Managing a police department is a tough job, and the legitimacy crisis currently facing American policing has made it even tougher. Today’s police managers — from chiefs and sheriffs to sergeants and watch commanders — risk losing officer morale and productivity in the form of de-policing (withdrawing from their duties), and are beginning to witness recruitment and retention problems.
For example, our own research reveals that after the shooting of Michael Brown in Ferguson, some officers have become less motivated, believe policing is more dangerous, and think citizens’ views of the police have deteriorated — phenomena often collectively referred to as the “Ferguson Effect.” These problems largely stem from the very real fear of becoming the next viral video or being fatally ambushed.
But by ensuring organizational justice during management activities, police executives can go a long way toward effectively supervising their agencies through strained times. Organizational justice can be thought of as a leadership philosophy that focuses on three key issues:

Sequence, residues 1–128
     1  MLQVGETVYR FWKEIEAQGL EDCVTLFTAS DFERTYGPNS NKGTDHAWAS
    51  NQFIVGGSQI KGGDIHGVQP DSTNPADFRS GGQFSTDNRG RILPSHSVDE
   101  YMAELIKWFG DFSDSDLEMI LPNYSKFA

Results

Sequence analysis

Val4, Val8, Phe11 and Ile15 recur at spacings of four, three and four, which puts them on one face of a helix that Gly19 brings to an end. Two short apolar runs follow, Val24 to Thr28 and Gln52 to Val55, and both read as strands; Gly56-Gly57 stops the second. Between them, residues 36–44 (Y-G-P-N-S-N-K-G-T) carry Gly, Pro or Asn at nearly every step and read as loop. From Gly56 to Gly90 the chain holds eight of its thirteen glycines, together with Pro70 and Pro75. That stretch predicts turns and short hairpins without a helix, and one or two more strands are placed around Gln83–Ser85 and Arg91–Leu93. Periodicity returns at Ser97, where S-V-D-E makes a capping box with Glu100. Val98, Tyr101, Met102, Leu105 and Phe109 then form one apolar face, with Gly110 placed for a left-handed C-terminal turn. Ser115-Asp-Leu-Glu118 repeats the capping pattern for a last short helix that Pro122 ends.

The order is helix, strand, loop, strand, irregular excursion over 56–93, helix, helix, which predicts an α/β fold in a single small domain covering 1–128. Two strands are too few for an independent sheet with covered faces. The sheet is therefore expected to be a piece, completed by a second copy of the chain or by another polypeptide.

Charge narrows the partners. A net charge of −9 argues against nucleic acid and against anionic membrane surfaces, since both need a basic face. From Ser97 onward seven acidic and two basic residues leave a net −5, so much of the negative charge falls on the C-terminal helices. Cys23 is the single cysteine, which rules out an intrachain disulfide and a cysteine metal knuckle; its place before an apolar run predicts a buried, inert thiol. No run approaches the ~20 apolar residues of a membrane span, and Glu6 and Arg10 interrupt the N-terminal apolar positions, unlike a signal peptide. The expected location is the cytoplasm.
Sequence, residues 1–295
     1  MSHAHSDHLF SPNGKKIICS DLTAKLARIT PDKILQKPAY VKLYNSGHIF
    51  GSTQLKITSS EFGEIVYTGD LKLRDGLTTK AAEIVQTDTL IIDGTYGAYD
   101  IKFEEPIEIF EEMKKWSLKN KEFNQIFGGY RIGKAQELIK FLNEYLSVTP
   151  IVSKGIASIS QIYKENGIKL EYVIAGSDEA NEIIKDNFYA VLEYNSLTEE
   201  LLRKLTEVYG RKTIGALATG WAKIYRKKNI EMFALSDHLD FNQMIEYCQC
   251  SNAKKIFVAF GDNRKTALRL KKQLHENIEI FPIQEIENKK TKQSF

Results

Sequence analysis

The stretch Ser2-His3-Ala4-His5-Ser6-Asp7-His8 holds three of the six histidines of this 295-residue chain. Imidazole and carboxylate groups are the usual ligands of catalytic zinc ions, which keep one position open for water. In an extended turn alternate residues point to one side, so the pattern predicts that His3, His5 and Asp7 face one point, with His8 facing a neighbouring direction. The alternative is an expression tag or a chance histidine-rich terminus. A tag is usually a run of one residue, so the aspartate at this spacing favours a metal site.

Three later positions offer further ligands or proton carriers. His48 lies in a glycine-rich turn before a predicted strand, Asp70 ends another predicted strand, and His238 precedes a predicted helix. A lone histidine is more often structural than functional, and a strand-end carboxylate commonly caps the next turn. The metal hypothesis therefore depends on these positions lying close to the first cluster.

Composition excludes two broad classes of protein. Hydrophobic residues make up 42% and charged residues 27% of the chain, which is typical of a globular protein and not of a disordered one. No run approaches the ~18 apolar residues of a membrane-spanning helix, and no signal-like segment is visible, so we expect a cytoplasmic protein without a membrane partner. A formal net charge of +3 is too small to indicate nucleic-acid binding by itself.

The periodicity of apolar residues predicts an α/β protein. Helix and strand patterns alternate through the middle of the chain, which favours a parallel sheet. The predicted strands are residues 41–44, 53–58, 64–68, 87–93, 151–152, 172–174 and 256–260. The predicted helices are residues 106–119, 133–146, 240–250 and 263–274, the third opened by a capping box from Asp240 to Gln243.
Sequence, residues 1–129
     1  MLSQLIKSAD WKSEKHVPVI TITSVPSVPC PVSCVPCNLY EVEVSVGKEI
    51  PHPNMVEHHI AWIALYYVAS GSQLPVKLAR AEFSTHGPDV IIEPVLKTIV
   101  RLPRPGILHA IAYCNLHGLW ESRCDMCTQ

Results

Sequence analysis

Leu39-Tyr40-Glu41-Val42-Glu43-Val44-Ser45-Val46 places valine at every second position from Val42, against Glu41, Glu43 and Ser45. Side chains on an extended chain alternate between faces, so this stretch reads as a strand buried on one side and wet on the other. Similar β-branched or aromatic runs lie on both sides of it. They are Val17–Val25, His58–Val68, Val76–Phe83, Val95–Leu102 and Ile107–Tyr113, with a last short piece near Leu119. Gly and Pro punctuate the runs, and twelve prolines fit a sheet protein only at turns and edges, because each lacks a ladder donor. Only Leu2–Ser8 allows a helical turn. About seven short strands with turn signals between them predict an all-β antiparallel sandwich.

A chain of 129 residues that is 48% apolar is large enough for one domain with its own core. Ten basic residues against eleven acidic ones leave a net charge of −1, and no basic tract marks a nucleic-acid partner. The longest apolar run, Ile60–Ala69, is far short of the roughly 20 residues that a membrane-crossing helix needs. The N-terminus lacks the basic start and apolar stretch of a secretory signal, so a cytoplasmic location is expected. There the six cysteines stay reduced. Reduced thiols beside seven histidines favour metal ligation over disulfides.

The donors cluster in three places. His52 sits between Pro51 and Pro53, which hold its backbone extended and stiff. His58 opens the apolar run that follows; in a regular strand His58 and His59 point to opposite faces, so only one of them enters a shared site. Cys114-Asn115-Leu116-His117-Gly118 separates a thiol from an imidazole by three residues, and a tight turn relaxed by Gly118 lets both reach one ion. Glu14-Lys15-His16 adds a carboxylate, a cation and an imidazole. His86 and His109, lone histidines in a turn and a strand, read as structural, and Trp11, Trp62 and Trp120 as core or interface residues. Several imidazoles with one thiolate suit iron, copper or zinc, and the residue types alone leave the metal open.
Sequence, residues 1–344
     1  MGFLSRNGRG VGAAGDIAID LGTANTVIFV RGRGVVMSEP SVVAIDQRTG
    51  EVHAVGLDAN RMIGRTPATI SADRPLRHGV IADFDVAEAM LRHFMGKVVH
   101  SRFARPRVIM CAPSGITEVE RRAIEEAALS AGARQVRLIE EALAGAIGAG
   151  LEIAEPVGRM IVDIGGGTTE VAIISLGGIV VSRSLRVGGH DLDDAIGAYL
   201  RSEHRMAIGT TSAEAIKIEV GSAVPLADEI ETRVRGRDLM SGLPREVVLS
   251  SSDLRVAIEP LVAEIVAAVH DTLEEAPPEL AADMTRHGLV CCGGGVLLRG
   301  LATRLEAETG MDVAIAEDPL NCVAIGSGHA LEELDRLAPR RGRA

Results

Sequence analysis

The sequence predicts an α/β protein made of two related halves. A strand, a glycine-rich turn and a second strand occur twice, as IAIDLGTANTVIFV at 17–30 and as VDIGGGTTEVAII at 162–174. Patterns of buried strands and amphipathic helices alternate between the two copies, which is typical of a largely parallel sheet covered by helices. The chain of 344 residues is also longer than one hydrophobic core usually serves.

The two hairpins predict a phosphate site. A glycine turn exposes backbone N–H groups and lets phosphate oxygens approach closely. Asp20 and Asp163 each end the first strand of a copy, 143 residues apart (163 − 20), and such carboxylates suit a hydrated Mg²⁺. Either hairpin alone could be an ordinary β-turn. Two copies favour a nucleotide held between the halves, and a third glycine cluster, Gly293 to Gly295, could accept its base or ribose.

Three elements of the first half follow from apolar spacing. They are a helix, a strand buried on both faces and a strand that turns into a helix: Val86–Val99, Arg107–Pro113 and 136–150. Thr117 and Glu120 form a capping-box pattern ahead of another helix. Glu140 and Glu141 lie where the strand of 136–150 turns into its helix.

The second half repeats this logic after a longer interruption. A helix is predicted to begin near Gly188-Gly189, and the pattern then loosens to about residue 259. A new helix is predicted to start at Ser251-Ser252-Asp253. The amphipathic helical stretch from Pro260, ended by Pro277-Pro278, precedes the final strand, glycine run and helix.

- Managers must ensure procedural fairness when dealing with employees. Decisions must not unfairly favor one employee over another; the reasons for decisions should be clearly explained to relevant parties; and employees should be given a reasonable voice in the decision-making process.
- Managers must ensure distributive fairness. Organizational outcomes such as promotions, salary increases, and terminations must be fairly distributed throughout the organization. Positive outcomes should not only fall on those with friends in high places. Likewise, negative outcomes should not manifest only among certain groups of people.
- Lastly, managers must strive for interactional fairness. Employees should be treated with respect and dignity. Supervisors should maintain an honest and open relationship with their subordinates.
In police departments, research shows that organizational justice is associated with numerous beneficial work-related outcomes. For example, our own research shows that officers who believe their supervisors treat them fairly are significantly less likely to report such negative experiences. In other words, organizational justice protects them from the Ferguson Effect.
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